Incoming Prime Minister Lucas Papademos (Photo: Reuters)
A new Greek unity government headed by the European Central Bank's ex-deputy chief Lucas Papademos will be sworn in Friday after a historic power-sharing deal between the country's main rival parties.
The ceremony at 1200 GMT at the presidential mansion is to be officiated by Archbishop Ieronymos, head of the Church of Greece.
Papademos, 64, was brought in to pull Greece back from the brink and convince its increasingly impatient European and IMF creditors that tough reforms will be completed as promised by the previous short-lived socialist administration.
"The Greek economy is facing huge problems despite the enormous efforts made ... Greece is at a crucial crossroads," the incoming prime minister said in his maiden speech after his appointment, adding: "The course will not be easy."
Papademos will head a transition government whose main task will be to ratify an EU bailout deal crucial to the country's economic survival.
His first job is to persuade the European Union and International Monetary Fund to disburse an eight-billion-euro ($11-billion) slice of aid from a 2010 bailout deal that is needed by December 15 before state coffers run dry.
Then he must force through painful austerity measures exacted as the price for a second EU bailout package which gives Athens 100 billion euros in loans, the same amount in debt reduction and a further 30 billion in guarantees.
His appointment took four days of torturous talks between the top two parties, the outgoing ruling socialists and the main opposition conservatives, after Prime Minister George Papandreou on Sunday pledged to step down.
Former head of state Costis Stefanopoulos described the process to appoint Papademos as "ridiculous" and leading newspapers said Greece had been "humiliated" in the eyes of fellow Europeans, particularly as Papademos had been a front-running candidate since Monday.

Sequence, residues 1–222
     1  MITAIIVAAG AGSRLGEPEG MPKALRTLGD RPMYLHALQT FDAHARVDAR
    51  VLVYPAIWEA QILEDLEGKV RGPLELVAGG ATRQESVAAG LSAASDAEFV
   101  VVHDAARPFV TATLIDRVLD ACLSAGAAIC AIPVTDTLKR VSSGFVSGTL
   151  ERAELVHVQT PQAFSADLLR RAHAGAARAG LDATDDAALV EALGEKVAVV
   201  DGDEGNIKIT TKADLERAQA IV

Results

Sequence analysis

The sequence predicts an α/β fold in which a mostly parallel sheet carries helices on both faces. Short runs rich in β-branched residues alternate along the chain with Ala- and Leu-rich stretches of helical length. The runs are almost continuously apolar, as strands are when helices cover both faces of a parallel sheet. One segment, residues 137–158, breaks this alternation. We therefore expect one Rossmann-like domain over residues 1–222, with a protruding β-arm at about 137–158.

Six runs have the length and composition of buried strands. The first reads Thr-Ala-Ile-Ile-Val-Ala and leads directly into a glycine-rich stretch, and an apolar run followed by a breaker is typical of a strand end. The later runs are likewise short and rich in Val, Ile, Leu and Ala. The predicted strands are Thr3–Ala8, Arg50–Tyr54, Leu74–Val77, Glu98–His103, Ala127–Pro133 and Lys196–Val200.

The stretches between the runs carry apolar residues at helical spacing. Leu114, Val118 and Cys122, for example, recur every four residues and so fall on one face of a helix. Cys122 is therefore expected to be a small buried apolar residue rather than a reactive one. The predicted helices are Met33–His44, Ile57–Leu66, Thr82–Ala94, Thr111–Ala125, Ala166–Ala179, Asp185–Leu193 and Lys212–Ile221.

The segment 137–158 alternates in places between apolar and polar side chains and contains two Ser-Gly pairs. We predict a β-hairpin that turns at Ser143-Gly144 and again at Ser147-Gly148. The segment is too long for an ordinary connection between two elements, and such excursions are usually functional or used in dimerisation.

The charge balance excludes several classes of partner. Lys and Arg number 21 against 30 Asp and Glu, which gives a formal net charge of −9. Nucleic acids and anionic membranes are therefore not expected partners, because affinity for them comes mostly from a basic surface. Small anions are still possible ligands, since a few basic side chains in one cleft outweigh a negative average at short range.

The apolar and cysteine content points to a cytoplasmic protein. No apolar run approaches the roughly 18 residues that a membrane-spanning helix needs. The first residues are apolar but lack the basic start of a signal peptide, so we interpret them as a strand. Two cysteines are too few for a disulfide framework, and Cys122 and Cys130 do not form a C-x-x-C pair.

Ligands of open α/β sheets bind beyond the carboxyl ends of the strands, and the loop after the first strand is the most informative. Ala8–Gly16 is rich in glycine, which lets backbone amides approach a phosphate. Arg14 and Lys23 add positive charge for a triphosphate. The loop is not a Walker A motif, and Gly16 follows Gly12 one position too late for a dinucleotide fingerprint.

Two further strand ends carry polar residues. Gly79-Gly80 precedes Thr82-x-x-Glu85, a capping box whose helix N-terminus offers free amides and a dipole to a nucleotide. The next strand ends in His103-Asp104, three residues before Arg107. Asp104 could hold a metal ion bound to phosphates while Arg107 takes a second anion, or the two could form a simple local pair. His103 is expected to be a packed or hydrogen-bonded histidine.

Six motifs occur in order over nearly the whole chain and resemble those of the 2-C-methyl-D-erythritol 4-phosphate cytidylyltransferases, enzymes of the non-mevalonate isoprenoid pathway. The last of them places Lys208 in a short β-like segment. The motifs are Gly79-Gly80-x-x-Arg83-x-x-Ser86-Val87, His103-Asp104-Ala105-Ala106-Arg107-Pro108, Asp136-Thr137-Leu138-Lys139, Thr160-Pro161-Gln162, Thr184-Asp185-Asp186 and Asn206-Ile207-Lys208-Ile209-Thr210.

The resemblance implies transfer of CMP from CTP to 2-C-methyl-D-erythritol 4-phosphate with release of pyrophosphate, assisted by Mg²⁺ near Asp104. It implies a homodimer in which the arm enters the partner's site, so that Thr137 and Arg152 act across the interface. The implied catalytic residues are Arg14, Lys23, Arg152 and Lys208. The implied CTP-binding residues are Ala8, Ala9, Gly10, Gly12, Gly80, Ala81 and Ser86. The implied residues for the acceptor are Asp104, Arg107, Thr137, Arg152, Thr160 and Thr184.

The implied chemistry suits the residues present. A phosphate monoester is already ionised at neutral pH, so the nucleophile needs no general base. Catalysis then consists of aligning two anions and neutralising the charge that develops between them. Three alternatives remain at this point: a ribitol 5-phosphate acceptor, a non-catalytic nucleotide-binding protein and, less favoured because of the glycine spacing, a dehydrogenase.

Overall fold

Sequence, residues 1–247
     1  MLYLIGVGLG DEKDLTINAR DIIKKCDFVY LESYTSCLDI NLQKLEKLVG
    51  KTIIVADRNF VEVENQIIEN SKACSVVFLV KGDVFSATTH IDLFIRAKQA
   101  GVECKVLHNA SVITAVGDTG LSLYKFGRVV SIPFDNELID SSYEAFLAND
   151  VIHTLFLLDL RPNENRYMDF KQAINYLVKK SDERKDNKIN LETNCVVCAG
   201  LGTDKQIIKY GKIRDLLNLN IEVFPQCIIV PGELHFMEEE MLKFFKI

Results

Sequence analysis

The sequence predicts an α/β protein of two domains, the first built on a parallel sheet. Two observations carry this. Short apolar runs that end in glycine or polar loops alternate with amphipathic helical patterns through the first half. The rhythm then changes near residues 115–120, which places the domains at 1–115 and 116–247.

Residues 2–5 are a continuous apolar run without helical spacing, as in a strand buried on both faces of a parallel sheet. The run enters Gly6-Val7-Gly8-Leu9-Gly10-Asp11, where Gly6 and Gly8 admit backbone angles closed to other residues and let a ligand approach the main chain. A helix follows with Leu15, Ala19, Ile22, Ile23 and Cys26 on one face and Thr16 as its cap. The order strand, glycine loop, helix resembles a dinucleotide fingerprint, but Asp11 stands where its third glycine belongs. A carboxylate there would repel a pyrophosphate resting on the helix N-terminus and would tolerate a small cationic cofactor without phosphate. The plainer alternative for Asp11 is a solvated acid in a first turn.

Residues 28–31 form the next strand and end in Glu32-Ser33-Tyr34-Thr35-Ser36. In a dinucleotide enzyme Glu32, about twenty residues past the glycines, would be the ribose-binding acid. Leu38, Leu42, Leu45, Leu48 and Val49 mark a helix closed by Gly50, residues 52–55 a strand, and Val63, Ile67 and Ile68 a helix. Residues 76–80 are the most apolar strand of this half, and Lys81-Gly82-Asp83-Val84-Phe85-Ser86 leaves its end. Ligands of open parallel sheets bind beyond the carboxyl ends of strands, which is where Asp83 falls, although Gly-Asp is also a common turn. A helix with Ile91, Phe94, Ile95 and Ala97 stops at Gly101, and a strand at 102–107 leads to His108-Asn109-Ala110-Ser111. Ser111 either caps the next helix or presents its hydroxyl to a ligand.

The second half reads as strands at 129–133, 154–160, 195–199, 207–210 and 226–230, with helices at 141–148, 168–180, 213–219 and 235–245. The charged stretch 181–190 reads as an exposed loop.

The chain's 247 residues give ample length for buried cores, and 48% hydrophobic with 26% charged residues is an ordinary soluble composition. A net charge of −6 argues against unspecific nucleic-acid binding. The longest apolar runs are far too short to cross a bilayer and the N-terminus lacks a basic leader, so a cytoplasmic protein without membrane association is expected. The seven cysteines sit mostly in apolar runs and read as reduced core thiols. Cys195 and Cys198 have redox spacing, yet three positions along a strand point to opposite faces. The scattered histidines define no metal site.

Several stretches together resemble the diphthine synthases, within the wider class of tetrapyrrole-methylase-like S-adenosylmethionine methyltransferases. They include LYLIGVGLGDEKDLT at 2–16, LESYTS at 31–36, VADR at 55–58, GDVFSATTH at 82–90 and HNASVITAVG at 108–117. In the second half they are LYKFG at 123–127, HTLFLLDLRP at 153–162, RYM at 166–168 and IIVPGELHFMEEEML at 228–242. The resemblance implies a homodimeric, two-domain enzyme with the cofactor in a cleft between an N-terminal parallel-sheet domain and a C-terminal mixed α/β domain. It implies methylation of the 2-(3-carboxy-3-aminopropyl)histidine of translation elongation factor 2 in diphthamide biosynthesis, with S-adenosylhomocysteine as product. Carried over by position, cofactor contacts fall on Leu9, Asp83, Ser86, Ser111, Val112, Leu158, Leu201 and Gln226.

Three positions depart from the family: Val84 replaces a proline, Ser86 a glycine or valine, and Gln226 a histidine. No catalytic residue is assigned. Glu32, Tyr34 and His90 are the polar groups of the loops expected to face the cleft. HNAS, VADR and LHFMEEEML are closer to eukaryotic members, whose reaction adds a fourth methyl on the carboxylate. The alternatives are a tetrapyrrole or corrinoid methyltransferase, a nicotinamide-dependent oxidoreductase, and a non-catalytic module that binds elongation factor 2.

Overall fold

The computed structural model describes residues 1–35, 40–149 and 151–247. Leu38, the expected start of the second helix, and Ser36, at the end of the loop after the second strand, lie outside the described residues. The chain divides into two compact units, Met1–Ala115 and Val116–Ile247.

"This is something unprecedented in our country, so it had to be done in a solid procedure," outgoing deputy government spokesman Angelos Tolkas told state television channel NET.
Papandreou's position as prime minister had become untenable after he shocked his European partners with a call for a referendum on the bailout deal on October 31. He was admonished by fellow EU leaders at the G20 summit and returned home to a party revolt.
There was also simmering anger towards two years of austerity policies—which Papandreou's successor is bound to continue—with protesters even disrupting nationwide parades last month in honour of Greece's wartime resistance to the Axis powers.
The new government, which is also slated to hold early elections as soon as the EU deal is ratified by parliament, was set up with support from the socialist PASOK party, the New Democracy conservatives and the smaller nationalist LAOS party, who together account for 254 deputies in the 300-seat parliament.
The KKE Communists and the leftist Syriza party have washed their hands of the whole process; with Syriza leader Alexis Tsipras pointing out that a non-elected government carries no real power over the Greek people.
"This is a raw subversion of the people's sovereign rule," Tsipras said.
"The new government is called to apply policies without democratic legality," he added.
The last unity government in Greece in 1989 was also headed by an eminent economy expert, former bank of Greece governor Xenophon Zolotas, and only lasted three months.